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The public can ride the Tel Aviv Nlight Rail starting on Friday

By 08/17/2023 6:35 PMNo CommentsBy YidInfo Staff


The Tel Aviv Light Rail will finally start operating on Friday after years of delays, giving passengers a traffic-free trip within and around the congested metropolitan area.

The 24-km. After receiving all necessary safety permits, the 15-mile Red Line that will pass through Tel Aviv and connect Petach Tikvah to the east with Bat Yam immediately south of the city was given the go-ahead to begin operations earlier this month.

The almost NIS 19 billion ($5 billion) transportation project, which was originally scheduled to open almost two years ago, was constantly delayed by flaws, most notably in its signaling and emergency braking.

The line, which extends from Bat Yam through Jaffa, Tel Aviv, Bnei Brak, and Ramat Gan to Petach Tikvah, includes 34 stations, including 10 underground stops. A tunnel beneath the road is used for around half of the journey.

As he opened the rail line in Petach Tikva on Thursday, Israeli Prime Minister Benjamin Netanyahu remarked, “This is a day of celebration for the State of Israel.

“Today, we are implementing Israel’s transportation vision: We committed to connecting cities, regions, and nations, and we are delivering on all three of those promises.

For the second day in a row, the location of Thursday’s light rail launch swiftly turned into a political rally, with hundreds of anti-government demonstrators yelling “Shame” and booing the government’s judicial reform initiative. Both those who agree with us and those who disagree with us will ride this train, according to Netanyahu.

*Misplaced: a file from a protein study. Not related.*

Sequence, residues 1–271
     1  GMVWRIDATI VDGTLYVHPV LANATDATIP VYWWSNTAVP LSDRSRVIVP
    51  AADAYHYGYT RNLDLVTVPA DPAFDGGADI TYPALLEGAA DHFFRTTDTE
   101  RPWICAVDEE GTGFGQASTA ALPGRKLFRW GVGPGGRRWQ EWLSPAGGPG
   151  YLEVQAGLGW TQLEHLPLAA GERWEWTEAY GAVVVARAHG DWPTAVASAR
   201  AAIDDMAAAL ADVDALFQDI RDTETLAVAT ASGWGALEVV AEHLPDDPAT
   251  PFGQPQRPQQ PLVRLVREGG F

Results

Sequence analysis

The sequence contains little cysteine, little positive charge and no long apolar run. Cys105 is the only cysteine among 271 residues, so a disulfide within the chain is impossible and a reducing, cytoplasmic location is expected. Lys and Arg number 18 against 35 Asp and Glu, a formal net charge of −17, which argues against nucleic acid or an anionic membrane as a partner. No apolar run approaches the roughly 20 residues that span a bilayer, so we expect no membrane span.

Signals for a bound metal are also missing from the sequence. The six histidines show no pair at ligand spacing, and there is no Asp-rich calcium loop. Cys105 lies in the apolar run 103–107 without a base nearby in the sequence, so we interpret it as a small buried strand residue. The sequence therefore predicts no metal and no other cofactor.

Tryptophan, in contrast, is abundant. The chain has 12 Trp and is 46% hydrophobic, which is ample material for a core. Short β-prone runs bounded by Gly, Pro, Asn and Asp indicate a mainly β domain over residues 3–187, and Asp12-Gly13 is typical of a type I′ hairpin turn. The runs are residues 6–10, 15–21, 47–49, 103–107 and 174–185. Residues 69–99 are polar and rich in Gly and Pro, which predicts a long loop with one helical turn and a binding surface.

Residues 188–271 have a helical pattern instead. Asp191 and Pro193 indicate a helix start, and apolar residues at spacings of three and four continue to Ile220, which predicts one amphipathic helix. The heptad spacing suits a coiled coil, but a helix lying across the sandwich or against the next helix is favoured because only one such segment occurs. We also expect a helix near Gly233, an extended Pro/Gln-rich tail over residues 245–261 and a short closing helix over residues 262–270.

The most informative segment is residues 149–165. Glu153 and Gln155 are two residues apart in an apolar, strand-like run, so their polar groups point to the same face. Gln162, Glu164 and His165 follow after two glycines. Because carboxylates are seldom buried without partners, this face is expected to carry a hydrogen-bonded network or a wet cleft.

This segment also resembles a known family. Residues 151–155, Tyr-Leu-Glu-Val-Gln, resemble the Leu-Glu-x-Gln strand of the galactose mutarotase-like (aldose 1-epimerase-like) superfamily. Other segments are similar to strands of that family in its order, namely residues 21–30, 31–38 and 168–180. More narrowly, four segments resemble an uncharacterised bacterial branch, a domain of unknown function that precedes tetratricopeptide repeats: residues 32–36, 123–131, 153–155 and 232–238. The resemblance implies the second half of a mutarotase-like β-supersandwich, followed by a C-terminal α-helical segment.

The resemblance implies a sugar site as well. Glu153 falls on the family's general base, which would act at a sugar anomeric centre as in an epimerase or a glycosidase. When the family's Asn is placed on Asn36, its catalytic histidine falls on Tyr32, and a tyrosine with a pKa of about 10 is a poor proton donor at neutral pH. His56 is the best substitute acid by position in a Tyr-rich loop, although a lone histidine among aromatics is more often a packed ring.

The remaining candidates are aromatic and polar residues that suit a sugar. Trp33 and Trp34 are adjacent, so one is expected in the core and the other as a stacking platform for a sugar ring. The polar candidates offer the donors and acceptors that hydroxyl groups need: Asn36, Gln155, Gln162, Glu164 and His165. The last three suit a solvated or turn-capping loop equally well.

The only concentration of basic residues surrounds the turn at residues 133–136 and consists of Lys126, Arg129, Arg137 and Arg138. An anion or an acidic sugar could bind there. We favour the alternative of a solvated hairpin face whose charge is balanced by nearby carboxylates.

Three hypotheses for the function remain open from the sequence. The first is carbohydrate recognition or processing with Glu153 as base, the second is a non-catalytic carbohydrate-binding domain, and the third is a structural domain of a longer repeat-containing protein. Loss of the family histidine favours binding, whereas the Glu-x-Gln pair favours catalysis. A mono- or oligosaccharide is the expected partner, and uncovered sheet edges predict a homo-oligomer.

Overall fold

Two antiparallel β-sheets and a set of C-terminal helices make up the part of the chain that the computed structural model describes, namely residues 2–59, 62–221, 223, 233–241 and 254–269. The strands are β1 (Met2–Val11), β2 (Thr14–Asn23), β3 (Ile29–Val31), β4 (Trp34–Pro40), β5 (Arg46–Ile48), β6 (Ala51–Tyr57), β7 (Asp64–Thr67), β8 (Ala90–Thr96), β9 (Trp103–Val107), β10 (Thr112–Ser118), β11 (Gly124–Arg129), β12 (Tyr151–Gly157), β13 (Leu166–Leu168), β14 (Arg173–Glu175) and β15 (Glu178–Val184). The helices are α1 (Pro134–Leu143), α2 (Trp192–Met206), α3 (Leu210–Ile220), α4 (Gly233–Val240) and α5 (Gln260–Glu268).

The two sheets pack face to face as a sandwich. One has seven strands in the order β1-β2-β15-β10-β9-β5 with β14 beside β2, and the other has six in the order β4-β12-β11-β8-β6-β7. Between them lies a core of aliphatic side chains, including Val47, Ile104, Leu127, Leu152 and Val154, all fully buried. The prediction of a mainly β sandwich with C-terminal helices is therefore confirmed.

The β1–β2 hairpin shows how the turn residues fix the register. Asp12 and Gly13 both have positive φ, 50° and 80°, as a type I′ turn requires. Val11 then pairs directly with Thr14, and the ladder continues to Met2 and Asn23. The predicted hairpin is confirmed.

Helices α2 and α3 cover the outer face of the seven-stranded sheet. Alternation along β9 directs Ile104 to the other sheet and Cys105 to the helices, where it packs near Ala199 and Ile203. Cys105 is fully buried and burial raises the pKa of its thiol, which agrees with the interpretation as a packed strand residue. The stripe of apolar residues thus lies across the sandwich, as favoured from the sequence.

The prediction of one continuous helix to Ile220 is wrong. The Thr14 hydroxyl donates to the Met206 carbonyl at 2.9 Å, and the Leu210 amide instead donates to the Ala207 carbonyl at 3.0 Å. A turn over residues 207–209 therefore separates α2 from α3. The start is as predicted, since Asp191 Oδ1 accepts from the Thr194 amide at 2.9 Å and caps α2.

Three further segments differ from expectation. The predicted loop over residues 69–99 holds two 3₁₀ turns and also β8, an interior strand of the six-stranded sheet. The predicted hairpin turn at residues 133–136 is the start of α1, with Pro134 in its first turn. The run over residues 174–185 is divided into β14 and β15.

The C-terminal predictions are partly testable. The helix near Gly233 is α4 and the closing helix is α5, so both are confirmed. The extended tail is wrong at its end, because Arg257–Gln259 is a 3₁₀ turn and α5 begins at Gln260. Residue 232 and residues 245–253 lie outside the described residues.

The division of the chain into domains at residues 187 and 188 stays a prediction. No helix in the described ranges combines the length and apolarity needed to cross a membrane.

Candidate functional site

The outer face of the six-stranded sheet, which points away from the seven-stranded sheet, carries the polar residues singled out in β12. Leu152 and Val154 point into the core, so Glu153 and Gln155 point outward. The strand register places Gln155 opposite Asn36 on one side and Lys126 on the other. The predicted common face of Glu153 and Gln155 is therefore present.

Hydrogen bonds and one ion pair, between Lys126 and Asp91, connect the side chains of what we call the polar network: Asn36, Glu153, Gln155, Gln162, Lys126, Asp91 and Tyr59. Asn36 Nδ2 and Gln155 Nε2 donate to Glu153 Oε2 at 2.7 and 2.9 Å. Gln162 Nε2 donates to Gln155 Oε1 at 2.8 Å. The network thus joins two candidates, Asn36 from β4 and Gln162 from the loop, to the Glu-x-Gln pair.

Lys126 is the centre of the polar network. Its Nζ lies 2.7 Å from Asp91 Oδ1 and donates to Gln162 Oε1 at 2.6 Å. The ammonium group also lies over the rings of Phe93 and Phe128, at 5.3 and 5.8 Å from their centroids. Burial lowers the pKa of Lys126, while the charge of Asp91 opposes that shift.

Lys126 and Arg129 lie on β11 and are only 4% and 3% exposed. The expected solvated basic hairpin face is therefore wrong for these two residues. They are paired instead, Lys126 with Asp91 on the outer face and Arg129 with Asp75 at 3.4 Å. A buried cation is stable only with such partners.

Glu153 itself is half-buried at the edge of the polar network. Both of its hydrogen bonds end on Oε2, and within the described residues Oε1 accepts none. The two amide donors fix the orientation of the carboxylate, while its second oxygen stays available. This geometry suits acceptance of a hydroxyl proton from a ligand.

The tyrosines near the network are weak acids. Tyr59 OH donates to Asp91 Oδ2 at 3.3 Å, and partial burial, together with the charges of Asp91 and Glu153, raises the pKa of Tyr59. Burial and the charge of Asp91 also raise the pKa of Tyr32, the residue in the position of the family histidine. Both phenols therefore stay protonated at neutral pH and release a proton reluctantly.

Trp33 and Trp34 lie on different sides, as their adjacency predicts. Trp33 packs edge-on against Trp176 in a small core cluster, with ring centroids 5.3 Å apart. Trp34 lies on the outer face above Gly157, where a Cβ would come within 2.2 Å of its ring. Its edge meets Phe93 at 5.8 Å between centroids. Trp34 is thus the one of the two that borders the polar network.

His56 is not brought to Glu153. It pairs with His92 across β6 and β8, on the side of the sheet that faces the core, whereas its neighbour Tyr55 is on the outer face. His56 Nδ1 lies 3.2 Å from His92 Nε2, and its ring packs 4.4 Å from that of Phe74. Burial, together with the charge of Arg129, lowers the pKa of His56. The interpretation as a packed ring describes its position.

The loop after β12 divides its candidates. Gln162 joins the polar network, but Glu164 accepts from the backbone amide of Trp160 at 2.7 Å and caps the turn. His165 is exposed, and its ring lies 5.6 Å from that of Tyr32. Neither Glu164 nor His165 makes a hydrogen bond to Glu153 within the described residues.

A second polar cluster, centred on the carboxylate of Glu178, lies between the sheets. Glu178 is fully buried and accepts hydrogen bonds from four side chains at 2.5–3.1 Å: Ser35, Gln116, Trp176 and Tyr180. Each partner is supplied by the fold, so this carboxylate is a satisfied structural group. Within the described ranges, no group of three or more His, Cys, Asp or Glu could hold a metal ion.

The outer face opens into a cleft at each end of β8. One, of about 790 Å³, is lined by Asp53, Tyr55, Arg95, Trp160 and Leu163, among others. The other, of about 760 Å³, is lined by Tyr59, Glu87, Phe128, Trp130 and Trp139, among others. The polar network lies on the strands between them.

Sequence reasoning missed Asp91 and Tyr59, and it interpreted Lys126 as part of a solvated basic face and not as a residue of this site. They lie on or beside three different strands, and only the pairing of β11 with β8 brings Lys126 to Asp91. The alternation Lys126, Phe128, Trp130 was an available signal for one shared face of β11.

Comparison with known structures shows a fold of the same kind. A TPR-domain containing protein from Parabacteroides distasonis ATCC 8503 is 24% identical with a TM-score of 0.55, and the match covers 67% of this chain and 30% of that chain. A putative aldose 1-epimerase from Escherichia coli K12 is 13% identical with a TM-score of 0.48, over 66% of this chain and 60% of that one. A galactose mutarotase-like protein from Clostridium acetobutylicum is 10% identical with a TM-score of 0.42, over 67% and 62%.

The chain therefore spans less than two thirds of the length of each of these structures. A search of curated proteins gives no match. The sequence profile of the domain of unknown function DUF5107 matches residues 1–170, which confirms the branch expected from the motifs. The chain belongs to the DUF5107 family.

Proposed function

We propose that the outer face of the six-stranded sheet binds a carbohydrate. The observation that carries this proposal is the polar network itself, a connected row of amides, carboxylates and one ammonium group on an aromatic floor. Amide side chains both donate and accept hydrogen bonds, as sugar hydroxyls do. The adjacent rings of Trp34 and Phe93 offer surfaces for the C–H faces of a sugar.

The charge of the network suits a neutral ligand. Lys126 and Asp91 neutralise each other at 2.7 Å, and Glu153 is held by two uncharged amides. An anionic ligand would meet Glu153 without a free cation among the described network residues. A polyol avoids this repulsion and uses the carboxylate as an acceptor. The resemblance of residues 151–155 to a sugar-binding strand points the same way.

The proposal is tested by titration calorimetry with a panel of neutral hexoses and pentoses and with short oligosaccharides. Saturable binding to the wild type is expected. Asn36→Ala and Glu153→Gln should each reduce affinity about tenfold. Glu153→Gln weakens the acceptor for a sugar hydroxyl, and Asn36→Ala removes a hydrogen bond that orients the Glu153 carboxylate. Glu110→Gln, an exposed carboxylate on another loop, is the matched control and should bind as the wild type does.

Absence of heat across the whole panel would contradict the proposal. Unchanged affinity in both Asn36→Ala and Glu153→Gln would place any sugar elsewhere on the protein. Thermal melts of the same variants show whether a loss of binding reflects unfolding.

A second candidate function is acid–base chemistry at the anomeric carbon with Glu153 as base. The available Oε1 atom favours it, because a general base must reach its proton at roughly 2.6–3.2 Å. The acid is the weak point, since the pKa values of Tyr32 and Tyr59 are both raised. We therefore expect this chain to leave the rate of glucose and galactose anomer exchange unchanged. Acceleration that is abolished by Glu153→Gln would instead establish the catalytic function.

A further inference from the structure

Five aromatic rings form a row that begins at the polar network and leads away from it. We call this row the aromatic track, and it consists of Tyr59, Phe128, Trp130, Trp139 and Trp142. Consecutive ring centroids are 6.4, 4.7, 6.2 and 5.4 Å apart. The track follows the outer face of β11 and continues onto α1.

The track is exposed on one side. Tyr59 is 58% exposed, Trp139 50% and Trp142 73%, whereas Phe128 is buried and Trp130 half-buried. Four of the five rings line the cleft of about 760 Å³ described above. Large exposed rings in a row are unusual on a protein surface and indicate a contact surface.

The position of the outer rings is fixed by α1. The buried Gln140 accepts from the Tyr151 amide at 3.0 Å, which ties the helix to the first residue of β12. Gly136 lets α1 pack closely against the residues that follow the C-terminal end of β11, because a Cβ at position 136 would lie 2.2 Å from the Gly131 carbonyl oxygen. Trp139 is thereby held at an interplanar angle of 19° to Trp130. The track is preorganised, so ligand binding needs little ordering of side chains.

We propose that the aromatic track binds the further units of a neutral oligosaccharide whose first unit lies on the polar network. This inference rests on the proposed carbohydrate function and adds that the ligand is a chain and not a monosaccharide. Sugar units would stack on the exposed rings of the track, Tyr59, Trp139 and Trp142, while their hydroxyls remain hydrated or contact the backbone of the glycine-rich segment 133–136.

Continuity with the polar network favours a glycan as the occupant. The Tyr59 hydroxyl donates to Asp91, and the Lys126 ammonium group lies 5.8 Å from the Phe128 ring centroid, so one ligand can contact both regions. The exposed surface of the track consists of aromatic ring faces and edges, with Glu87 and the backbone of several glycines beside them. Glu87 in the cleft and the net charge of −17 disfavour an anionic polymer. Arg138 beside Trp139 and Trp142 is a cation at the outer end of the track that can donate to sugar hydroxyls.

The Tel Aviv Light Rail will run every day at 5:40 a.m. from Sunday through Thursday. A train arrives every 3.5 minutes during peak hours, every six minutes off-peak until midnight, and on Fridays until an hour and a half before Shabbat.

The lack of service on Saturdays and Jewish holidays has sparked outrage and protests in Tel Aviv, a largely secular city, and reignited the discussion about using public transit on the Sabbath.

However, the operating schedule complies with Israel’s long-standing tradition of not operating public transportation on the Sabbath, particularly on the line that passes through the ultra-Orthodox city of Bnei Brak, which is located east of Tel Aviv.

Shorter trips will cost a single fee of 5.50 shekels ($1.45), which may be paid via the app or on the national public transit RavKav card, while taking the entire line will cost 12 shekels ($3.17). Both prices are the same as the cost of a city bus ticket.

On the first day, there won’t be any fees. According to the Transportation Ministry, the line will carry 250,000 passengers each day and 70 million annually. The train has been doing test runs without any passengers for months, and the city’s citizens have grown impatient due to the delays brought on by the spring national and Muslim holidays. When the notion of a metro line for Tel Aviv was initially floated about twenty years ago, the first rail line’s inaugural tender was released.

Similar delays led to the 2011 inauguration of the Jerusalem Light Rail. Since then, it has developed into a distinctive element of the mixed metropolis that is regularly used by citizens who are Jewish, Muslim, and Christian, as well as visitors who are traveling through the capital. For both cities, more lines are being planned.


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